In November, the backlash to externally imposed austerity once again boiled over. Labor unions executed coordinated strikes. University students took to the streets. Daily life came to a halt as citizens protested grinding reforms. The harsh economic restructuring was demanded by the International Monetary Fund (IMF) and backed by the regional hegemon as conditional for assistance needed to survive a sovereign debt crisis. The protests soured leading to hundreds of arrests, a handful of deaths and sporadic rioting.
This story may sound familiar. But it does not refer to the November 14th, 2012 austerity protests that shook Madrid, Rome and Lisbon. Rather, these November protests occurred in 1991. And they occurred on the other side of the world, in Venezuela.
Within three months of those 1991 protests, a young army officer named Hugo Chávez would stage a coup against the pro-IMF Venezuelan government. The coup failed, but the popular backlash would continue, eventually ushering Chávez to power in 1998. He has since entrenched his anti-austerity philosophy into government policy.
Roughly 30 years prior to the current European sovereign debt crisis, much of Latin America trudged through its own inability to meet international debt obligations. From Mexico in the 1980s to Spain in the 2000s, the histories are eerily similar. Both regions benefited from irresponsible lending to pursue debt–led growth. In both cases, the lending financed excessive consumption as opposed to long-term growth oriented projects.
Given the circumstantial similarities, scholars and policy makers alike have scrutinized the Latin American debt crisis for lessons relevant to Europe. However, the focus is often purely on the economics – how to structure a haircut, for example, or, perhaps, the utility of a currency devalue.
As opposition to austerity continues to mount in Europe, the political lessons of the Latin American debt crisis may prove just as salient.
In the 1980s and 1990s, nearly all Latin American countries turned to the IMF for relief. To satisfy preconditions for assistance, many of these countries were forced to adopt structural reforms devised by the IMF and supported by the United States of America.
These reforms, featuring trade liberalization, privatization, and labor market flexibility, reflected developed-world prescriptions for ailments to Latin American economies. Countries throughout the region adopted these policies formed in the IMF and the United States Department of the Treasury, mostly to maintain access to official funding and international capital markets.
Known collectively as the ‘Washington Consensus,’ these neo-liberal economic reforms were essentially enforced upon Latin American countries. Eventually the imported policies provoked a backlash as many citizens ultimately rejected an economic approach imposed in a moment of weakness by more powerful agents.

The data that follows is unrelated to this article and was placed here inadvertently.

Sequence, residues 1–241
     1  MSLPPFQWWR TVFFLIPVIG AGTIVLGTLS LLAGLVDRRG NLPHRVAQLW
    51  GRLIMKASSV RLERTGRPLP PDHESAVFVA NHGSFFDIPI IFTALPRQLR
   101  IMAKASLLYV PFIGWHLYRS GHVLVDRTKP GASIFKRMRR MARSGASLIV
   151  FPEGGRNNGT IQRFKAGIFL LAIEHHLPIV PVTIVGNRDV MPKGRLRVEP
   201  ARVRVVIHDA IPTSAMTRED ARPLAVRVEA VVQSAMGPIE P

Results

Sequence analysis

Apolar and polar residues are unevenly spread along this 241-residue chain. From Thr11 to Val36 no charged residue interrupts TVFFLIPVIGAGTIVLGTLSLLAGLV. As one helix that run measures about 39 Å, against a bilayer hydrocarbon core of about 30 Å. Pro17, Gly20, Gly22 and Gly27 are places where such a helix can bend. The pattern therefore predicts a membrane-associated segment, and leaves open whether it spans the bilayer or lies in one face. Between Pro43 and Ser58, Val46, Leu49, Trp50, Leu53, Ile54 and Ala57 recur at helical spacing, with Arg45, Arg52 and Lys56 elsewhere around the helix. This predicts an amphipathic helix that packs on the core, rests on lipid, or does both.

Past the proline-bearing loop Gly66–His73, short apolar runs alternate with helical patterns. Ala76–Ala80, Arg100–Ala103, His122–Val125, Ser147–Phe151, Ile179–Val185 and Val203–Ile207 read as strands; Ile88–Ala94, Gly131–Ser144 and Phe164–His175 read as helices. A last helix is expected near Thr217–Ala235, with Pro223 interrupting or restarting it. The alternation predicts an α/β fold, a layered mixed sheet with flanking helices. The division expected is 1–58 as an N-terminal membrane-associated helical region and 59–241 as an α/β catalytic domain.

This distaste helped sweep a series of left leaning politicians to power at the turn of the 21st Century. In fact, the South American countries that experimented most aggressively with Washington-oriented reforms are precisely the countries that have since drifted furthest to the left. In Venezuela, Argentina and Bolivia, once poster children of the Washington Consensus, voters have persistently preferred presidents who have promised to rollback neoliberal reforms
A Lesson for Europe?
Like Latin America, peripheral Europe initially accepted the international prescription for solving their debt-crisis. Just as ‘Washington Consensus’ styled leaders assumed power in Latin America in the 1990s, so to have ‘Brussels Consensus’ leaders taken the helm throughout debt-ridden Europe. From the Iberian Peninsula to the Aegean Sea, a new crop of European leaders has emerged prepared to implement fiscal austerity and structural reforms, just as the Euro-core and the IMF have demanded.
However, if Latin America is any indicator, Europe’s persistent stagnation and high unemployment rates could prove fertile ground for a backlash against reform. In fact, throughout peripheral Europe, the notion that austerity has been foisted upon them by outside organizations such as the IMF, or countries, such as Germany, has given rise to nationalistic movements that reject restructuring.
In Greece, anti-austerity candidate Alexis Tsipras came within three percentage points of winning the right to form a government in Athens. In Italy, support for Mario Monti’s ‘Brussels Consensus’ styled government has dropped from 54 percent in November 2011 to 32 percent in November 2012. In Spain, the austerity backlash has threatened the very integrity of the nation as Catalonia has demanded independence rather than continue under Madrid-led reform.
As Hugo Chávez’ experience illuminates, the tide may not turn immediately, but it can turn definitively. As long as Europe has paused to consider the economic lessons of the Latin American debt crisis, it would do well to consider the potential political lessons as well.